Americans are fascinated with the British. Although the United States was established because British subjects, known later as Americans, rebelled against the British monarchy, Americans, for the most part, harbor no ill feelings against their former rulers. In fact, they have been going gaga over the British monarchs for quite some time. In recognition of the American obsession, Netflix has created a show that delves into the lives of the British Crown so revelers can get their fix at least once a week.
Netflix has been broadcasting “The Crown” for three seasons now. It documents the establishment of the British Crown we know today, beginning with the appointment of King George VI, “Bertie,” among the family members and friends who featured in the series.
King George VI became king after his older brother, Prince Edward, abdicated the throne. Prince Edward wanted to marry his mistress, Wallis Simpson, a divorcee who was in the process of divorcing her second husband, and once he found out he could not marry Simpson and remain on the throne, he abdicated.
The show provides identities for the faces of the British monarchy, identities perhaps not known until watching the series. As an ardent follower of British culture and the monarchy, I cannot say I was familiar with the stories it highlights.
Of course, you cannot view the show in the guise that it is the Bible for the stories that are unfolding. Nobody can ever know precisely how the conversation between Queen Elizabeth II and Princess Margaret went when Queen Elizabeth II informed her only sister she could not marry the love of her life. However, you can appreciate the dramatization and creativity with which such a scene is depicted.
Writers of “The Crown” tactfully take historical facts and expand them for what their origins could be. For instance, viewers know Winston Churchill served as prime minister under the reign of King George VI and Queen Elizabeth II before retiring. Yet, viewers do not know the conversations he had with the cabinet or his reaction upon seeing the portrait painted of him in recognition of his retirement. It is fascinating to get to see the thought processes of the British figures people have wondered about for centuries.
Queen Elizabeth II, portrayed by actress Claire Foy, must learn how to truly be the sovereign of England when her father dies from lung cancer. For the first time, as she determines how to navigate her new position, the Queen is seen not just as the woman who wears the crown, but as Lillibet.
The show allows her to be depicted not only as the decorated, adorned face who is featured on postcards, but also as a person whose life is twisted upside down. The young Queen Elizabeth II does not want to be in the limelight, just as her father did not. Yet, for the sake of her country, for the sake of the crown and for the continual urge to maintain “duty,” Queen Elizabeth II has no choice except to become the next monarch.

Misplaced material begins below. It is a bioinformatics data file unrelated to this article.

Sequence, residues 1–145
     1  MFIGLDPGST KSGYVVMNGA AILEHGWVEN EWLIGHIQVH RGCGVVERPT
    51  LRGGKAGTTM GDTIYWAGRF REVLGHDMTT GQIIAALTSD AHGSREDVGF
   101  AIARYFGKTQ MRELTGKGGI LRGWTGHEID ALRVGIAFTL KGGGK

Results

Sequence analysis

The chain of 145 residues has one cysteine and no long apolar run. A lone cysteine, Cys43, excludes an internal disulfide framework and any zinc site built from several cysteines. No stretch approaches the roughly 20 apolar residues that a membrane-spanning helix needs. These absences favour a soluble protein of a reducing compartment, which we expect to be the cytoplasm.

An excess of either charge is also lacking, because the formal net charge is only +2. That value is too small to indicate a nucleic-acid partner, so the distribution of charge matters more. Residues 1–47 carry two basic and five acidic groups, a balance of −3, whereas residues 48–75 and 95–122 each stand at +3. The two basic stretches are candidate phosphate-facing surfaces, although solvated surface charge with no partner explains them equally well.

The work the queen did to prepare for her new role is something one would not think of. Considering how little the public knows about the monarchs, it is easy to dismiss them as always sitting on their million-dollar chairs and eating their carefully prepared food with golden utensils. Yet, the show portrays a different side of Elizabeth. No one can know for certain what occurs behind closed doors, just like the life of any celebrity. However, taking evidence of the queen and other figures’ traits and elaborating on stories about them not only makes for interesting television, but it can also compel viewers to be more open-minded about the individuals whose existence has always been known and whose lives have not been transparent. The actions of each person are conceivable because of the common knowledge already established.
Queen Elizabeth II is shown as struggling to choose between her family and the crown. In the Netflix series, her marriage, from the beginning, faces predicaments because of Prince Phillip’s desire to have time in the sun as much as his wife does. He struggles to accept his wife’s superior position of power and his inability to assert a role of his own.
Most of the time, the queen has no choice except to make choices that would benefit the country as a whole rather than the man she sleeps next to each night or the children she raises. She visits countries all over the world in order to maintain positive foreign relations and, in the process, must often leave her children, Prince Charles, Prince Anne, Princes Andrew and Prince Edward, with governesses and nannies.
Queen Elizabeth II made a weighty sacrifice as a mother. She had to leave the raising of her children to others, and, as the series suggests, she had disagreements with her husband about when such a separation should occur. Prince Philip of the Crown wanted to establish a family that was normal, or at least as normal as the monarchy would allow.
The Queen did not have the opportunity to see her children take their first steps or to walk to the grocery store with her husband. Rather, she had to do her duties and live in the way her country demanded of her, even if they disapproved of her lavish lifestyle.
Queen Elizabeth II, with the help of the detailed stories “The Crown” demonstrates, becomes someone viewers can empathize with far more than they ever could before. She too was once a young woman trying to establish her own identity as a mother, wife and overall person, but she was thrust into a life she never asked for.